The respiratory system is composed of the trachea, bronchi, the lungs, and is one of the most important systems in the human body. Dysfunction of the respiratory system can make it difficult to breathe and can result in many other problems. Satisfactory medical treatment for respiratory issues is essential, as these problems can result in complications that can cause fatalities. Respiratory nurses, also sometimes referred to as pulmonary care nurses are nursing professionals who care for patients who suffer from both chronic and acute issues related to the respiratory system. Examples of illnesses that respiratory nurses will commonly encounter include bronchitis, asthma, tuberculosis, lung cancer, pneumonia, and emphysema.
Tasks commonly carried out by respiratory nurses include, but aren't limited to:
Typical employers and workplace settings include:
Respiratory nurses should have extensive knowledge and a strong understanding of the inner workings of the respiratory system. They should also enjoy forming relationships with patients while working with them over a long period of time. Nurses with these characteristics will do well in the role of a respiratory nurse.
Becoming a respiratory nurse means first becoming a registered nurse. You'll first need to earn your ADN or BSN degree to achieve this. If possible, it would be smart to take a number of courses in respiratory health while completing your degree. Upon earning your degree and passing the NCLEX-RN exam, you will gain RN licensure. In some cases, prospective respiratory nurses will go to complete a master's degree where they can study the pulmonary and respiratory system more extensively, but it's not necessarily required.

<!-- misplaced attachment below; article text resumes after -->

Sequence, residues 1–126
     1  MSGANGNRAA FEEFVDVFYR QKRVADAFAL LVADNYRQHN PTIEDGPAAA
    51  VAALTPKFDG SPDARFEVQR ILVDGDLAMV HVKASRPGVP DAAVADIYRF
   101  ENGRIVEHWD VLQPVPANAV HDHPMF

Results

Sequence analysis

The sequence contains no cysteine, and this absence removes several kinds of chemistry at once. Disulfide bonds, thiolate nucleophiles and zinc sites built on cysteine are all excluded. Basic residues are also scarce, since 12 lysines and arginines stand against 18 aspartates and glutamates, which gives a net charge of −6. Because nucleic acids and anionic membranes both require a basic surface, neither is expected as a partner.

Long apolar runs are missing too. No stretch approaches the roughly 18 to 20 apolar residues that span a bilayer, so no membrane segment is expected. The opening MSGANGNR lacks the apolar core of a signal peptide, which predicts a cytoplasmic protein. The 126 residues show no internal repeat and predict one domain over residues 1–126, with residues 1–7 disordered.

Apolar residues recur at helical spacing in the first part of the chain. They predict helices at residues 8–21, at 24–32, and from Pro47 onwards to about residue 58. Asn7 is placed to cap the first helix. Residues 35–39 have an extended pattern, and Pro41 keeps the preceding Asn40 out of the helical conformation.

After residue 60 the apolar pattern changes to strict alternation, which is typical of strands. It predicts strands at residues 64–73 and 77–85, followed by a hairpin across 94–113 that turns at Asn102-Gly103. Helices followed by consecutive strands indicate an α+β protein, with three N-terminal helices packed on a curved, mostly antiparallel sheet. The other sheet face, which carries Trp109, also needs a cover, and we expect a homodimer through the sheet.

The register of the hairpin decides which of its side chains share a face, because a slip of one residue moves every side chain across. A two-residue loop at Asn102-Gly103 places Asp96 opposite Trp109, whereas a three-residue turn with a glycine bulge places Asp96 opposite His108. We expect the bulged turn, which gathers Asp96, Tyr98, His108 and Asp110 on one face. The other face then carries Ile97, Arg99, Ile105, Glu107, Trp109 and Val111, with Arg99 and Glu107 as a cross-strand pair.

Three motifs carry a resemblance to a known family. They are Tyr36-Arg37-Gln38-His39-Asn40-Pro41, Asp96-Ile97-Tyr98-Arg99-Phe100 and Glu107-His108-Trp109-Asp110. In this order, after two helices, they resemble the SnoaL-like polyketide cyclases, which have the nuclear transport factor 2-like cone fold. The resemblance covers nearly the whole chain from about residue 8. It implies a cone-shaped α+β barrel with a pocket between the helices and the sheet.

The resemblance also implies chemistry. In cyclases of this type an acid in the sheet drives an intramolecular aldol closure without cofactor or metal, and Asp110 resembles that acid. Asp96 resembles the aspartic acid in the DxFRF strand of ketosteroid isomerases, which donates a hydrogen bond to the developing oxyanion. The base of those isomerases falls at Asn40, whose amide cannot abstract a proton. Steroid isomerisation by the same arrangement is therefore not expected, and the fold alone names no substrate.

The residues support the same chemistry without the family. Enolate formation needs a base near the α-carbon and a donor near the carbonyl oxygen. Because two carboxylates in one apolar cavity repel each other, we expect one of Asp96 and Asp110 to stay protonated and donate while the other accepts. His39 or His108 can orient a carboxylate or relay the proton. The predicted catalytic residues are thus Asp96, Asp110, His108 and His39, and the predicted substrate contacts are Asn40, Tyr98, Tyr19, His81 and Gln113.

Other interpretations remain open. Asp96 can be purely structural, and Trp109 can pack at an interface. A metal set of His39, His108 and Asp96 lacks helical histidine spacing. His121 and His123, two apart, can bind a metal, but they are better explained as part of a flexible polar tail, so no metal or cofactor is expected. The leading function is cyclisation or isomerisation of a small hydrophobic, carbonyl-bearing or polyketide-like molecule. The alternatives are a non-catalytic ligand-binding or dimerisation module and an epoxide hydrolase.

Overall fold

Respiratory nurses must hold active and unencumbered RN licenses and have some clinical experience in the field in order to obtain the various specialty certifications that fall under the category of a ‘respiratory nurse'. An ADN or BSN degree is necessary for this role.
Technically, there is no one certification that's specific to respiratory nurses. However, many will earn the Certified Pulmonary Function Technologist (CPFT) credential which is offered by the National Board of Respiratory Care. It's also common for respiratory nurses to earn critical care certifications which are offered by the American Association of Critical Care Nurses.
To be eligible to sit for the exam to become a Certified Pulmonary Function Technologist (CPFT) you will need to be at least 18 years old and have fulfilled ONE of the following requirements:
To be eligible to become a Critical Care Registered Nurse (CCRN), you'll need to have fulfilled the following requirements:
Due to technological advances and the aging baby boomer generation, respiratory nursing is an expanding field that's likely to have many exciting advancements and career opportunities for interested RNs for years to come.
According to ZipRecruiter, the average median annual salary of a respiratory nurse is approximately $71,350. The amount of money a respiratory nurse makes will depend on factors like education level, the location of their job, the credentials and certifications they have, amount of clinical experience, and their employer. Similar factors will also contribute to the employee benefits packages that respiratory nurses receive. However, most who are employed full time can count on benefits which include the likes of medical, dental, vision, and prescription drug insurance coverage, as well as some paid time off annually.